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Outdoors

  • STRAIGHT ARROW: Have you visited a zoo lately?

    Last Friday, Bonnie and I took our two oldest granddaughters to the Louisville Zoo, and we had a very enjoyable trip.

    Last fall we had purchased a zoo membership, and this made our fourth trip since September. You would think that after a couple of trips you would have seen it all and it would get boring, but it seems like we experience something new every time we go.

  • OUTDOOR TALES: Create a Father’s Day memory

    Spending time with dad in the outdoors can make Father’s Day something special. It can be a day fishing, or a picnic in the backyard or at a nearby park.

    Father’s Day was created early in the twentieth century to complement Mother’s Day, which was created first. Celebrated on different days in different countries, it is believed to first have been celebrated on July 5, 1908, at the Central United Methodist Church in Fairmont, W.V.

  • Small details that can make a big difference

    Last weekend I had the opportunity to go with one of my nephews and help him scout and prepare an area to hunt on a new property. He had already located the area where he wanted to hunt and had started clearing shooting lanes and had a mineral lick in a very good spot. But there was quite a bit left to do.

  • OUTDOOR TALES: Catfish, bluegill love catalpa worms

    When catalpa trees bloom, my thoughts turn to younger days and fishing.

    Blooming catalpa are beautiful, and often really ugly worms find their way onto the broad, green leaves. While most humans would just as soon ignore the worms, catfish and bluegill love them.

    In these days of high-tech fishing gear and baits, probably few anglers have ever heard of or thought about fishing using the worms found in late spring and early summer on catalpa trees, which can be found on most of the east coast and Midwest.

  • STRAIGHT ARROW: Avoid bow breakdowns; pay attention to everything

    With bow season less than three months away, some archers are getting their bows out and starting to practice. Bowfishing is in full swing, and with a lot of archers competing in 3D shoots, in the last week I have had three bows brought in with broken parts.
    The first bow had a cracked limb; the archer was at a 3D shoot and was not sure what happened, but thought he had cracked a nock on the arrow and when he shot the next target, the nock shattered, resulting in a dry-fire and causing the damage.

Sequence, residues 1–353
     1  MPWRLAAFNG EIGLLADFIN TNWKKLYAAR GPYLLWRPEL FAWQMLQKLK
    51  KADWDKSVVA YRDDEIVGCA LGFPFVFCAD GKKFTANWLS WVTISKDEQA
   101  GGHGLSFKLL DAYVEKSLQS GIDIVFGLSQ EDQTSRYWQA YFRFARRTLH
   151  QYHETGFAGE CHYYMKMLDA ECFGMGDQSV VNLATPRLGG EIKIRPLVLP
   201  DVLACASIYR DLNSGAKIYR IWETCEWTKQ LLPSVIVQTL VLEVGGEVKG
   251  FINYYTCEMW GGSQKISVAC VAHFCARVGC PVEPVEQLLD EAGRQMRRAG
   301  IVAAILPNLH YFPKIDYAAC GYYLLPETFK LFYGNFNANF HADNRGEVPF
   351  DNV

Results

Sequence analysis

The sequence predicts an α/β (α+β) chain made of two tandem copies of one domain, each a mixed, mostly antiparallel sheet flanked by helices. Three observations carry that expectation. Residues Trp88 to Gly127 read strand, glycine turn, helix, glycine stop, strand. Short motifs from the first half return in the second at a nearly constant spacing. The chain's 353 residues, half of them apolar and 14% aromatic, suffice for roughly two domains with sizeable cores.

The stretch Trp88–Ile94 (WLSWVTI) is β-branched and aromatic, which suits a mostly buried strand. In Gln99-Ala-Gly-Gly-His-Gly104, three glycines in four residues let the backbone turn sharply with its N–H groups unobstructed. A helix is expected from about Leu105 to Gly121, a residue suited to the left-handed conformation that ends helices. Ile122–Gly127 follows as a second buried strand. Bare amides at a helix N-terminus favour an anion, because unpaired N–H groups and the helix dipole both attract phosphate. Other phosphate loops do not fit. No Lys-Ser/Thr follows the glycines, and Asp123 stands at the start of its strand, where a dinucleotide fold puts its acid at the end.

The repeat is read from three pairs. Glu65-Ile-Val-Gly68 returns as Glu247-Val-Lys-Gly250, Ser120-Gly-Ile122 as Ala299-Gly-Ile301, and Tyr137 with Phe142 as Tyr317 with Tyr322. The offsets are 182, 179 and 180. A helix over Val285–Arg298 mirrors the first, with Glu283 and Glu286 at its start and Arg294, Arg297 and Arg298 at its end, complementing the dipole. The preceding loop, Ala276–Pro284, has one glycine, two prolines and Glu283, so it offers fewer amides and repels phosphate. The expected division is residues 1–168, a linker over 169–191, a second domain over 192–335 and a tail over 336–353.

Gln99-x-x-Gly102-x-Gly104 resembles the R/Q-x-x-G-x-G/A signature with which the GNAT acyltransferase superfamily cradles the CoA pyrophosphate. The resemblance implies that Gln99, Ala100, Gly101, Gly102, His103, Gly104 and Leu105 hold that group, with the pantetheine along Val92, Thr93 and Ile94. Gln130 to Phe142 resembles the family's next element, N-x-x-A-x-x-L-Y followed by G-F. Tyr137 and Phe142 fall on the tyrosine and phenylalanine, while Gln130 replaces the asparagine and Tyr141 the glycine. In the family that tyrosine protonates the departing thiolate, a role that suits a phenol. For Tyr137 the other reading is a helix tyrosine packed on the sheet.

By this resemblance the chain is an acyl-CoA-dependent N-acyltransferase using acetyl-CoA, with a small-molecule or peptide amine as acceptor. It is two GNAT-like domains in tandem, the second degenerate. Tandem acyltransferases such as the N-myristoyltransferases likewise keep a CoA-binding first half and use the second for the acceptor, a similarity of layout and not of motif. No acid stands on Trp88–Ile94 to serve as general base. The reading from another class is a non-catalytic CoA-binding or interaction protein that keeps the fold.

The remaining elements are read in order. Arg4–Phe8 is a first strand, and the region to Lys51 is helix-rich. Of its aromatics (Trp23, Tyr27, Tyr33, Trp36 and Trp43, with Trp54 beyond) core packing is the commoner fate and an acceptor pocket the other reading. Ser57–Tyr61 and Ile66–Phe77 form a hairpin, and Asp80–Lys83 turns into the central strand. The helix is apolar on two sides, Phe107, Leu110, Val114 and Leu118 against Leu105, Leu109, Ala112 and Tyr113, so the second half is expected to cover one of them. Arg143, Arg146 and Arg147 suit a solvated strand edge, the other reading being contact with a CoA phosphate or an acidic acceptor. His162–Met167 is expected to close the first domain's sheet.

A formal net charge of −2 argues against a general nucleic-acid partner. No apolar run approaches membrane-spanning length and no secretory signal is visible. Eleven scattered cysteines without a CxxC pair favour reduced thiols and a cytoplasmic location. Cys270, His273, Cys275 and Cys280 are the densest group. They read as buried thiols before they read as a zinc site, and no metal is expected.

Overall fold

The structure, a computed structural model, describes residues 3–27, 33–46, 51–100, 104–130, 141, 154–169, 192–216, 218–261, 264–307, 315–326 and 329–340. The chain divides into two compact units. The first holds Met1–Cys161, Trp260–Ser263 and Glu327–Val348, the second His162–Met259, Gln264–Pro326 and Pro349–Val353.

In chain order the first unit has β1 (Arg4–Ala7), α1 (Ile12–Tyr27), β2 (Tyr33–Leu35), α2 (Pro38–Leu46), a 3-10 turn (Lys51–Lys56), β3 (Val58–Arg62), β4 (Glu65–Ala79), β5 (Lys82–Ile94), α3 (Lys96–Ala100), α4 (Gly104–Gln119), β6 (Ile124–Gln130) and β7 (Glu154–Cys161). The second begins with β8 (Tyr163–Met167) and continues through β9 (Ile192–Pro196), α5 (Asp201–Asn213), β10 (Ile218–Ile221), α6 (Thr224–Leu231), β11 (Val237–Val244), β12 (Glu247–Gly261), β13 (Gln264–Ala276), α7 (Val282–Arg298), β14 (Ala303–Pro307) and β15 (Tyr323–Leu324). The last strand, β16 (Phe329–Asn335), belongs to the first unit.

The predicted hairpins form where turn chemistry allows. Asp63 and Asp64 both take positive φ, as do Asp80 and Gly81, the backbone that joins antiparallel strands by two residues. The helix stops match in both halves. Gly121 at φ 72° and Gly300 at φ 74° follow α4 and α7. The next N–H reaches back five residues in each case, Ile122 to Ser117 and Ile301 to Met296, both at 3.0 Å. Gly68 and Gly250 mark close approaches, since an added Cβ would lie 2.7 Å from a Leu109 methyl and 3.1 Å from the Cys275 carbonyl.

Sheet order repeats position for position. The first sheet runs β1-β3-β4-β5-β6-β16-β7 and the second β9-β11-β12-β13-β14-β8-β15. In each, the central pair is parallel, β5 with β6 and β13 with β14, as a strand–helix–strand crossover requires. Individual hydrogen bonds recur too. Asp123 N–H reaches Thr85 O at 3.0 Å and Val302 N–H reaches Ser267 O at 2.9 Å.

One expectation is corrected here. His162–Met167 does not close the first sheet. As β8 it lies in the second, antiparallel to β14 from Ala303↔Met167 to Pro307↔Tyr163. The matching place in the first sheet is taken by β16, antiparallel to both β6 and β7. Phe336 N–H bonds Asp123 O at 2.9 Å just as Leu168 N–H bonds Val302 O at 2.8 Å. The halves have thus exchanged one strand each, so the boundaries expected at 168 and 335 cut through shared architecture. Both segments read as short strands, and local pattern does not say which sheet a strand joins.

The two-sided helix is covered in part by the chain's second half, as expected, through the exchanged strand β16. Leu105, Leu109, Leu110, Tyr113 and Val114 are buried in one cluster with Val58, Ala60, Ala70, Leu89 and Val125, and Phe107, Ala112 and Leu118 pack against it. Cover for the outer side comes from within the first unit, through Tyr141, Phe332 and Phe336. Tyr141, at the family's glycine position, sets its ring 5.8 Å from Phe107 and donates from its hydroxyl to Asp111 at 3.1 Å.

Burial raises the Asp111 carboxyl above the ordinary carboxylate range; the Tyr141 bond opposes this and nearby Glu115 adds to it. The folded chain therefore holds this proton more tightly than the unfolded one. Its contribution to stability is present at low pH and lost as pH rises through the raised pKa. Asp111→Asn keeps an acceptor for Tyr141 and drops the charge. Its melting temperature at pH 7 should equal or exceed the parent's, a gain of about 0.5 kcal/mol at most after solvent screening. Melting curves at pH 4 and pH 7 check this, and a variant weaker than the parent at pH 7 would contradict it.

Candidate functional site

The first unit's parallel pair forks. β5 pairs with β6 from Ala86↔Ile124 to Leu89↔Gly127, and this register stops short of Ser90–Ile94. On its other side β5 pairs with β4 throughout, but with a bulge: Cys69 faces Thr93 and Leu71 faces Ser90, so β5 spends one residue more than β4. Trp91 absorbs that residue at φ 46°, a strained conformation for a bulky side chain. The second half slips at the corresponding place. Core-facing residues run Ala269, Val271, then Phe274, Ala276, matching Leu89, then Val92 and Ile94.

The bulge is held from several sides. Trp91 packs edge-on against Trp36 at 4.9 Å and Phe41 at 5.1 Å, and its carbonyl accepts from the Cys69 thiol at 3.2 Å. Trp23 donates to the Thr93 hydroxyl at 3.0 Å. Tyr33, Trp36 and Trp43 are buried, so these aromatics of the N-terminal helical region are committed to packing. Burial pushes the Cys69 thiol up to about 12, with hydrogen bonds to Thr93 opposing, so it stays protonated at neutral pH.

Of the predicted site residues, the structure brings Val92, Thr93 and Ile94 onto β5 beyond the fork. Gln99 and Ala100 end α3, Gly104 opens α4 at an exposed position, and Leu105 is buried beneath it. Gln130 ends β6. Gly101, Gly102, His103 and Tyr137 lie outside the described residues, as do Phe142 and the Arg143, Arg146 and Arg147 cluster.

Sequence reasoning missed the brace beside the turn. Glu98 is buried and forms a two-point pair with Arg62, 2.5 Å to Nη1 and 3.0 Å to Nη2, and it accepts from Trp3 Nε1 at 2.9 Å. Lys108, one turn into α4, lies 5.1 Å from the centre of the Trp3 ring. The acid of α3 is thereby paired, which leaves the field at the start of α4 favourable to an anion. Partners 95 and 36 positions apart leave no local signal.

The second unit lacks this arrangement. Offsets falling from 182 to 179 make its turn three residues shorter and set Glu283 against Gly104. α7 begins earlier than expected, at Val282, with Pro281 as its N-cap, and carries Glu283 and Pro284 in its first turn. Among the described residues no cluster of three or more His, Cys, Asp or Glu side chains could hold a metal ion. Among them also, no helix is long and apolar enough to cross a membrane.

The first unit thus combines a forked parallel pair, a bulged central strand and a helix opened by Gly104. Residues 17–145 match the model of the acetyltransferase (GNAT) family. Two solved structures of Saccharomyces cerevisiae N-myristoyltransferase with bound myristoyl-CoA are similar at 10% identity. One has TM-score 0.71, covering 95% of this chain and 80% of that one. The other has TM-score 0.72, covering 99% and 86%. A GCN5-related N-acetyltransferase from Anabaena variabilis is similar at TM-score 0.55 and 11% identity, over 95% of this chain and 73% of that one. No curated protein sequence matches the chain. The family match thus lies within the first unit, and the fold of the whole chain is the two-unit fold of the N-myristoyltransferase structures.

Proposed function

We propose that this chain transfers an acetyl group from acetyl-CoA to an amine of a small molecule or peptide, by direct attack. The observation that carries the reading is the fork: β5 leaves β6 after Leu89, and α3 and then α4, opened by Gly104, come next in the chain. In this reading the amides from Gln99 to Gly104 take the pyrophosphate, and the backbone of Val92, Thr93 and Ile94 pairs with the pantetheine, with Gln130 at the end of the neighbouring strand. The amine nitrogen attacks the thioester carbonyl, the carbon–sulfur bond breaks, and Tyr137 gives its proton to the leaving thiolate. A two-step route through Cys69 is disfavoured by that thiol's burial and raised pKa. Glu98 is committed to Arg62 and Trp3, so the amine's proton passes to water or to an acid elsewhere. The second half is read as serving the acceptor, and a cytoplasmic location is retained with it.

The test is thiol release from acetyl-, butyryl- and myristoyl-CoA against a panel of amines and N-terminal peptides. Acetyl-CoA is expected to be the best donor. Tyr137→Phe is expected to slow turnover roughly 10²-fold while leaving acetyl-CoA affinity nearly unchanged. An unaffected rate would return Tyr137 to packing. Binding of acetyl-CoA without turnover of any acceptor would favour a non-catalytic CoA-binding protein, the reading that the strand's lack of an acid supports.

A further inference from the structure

• OUTDOOR TALES: Free fishing in Ky. this weekend

    Free fishing weekend is celebrated in Kentucky this weekend. With a free fishing opportunity, it is hoped people will either try fishing or return to the outdoor fun of catching a fish.

    The free weekend is an annual event that has taken place since at least 1992. It offers residents and non-residents the opportunity to fish Kentucky waters without a license or permit.

  • STRAIGHT ARROW: Start preparing now for fall bowhunting

    It is only four months until the 2016 archery bow season opens, and right now is a great time to get everything done you possibly can before it gets too hot.

    Eric and I try to have all our preparations done before the Fourth of July. After that, we stay away from our hunting properties except for BushHogging the clover fields and roads.

    By staying out of the woods after July 4, we are not disturbing any of the animals on the properties we hunt, leaving the deer, turkey and small game to go about their normal routines.

  • OUTDOOR TALES: Bats not villains, but a good thing

    One morning a neighbor called. “Hey, come over to my place. You’re the outdoor guy. I want to show you something, and then I’ve got a couple of questions.”

    That type call always worries me. I’ve been writing about the outdoors for half a century, but still know very little about it. There is so much to know. Usually what I do know, is whom to ask for their expertise.

    When I arrived, my friend was still eating breakfast. “Come out here on the porch. Look up there.”

  • STRAIGHT ARROW: Tips for the older bowhunter

    Each year I have a few bowhunters come into my archery shop who are having the same problems I have experienced as I age. The normal complaints are that they may have to give up on archery because of shoulder pain, or they are having trouble drawing their bow back. Some can’t see or hear as well as they used to when they were younger.

    My first question is how many pounds are you shooting on your bow? The usual answer is 70 pounds and sometimes 80. The cure is simple — lower your pounds.

  • STRAIGHT ARROW: Tips for the older bowhunter

    Each year I have a few bowhunters come into my archery shop who are having the same problems I have experienced as I age. The normal complaints are that they may have to give up on archery because of shoulder pain, or they are having trouble drawing their bow back. Some can’t see or hear as well as they used to when they were younger.

    My first question is how many pounds are you shooting on your bow? The usual answer is 70 pounds and sometimes 80. The cure is simple — lower your pounds.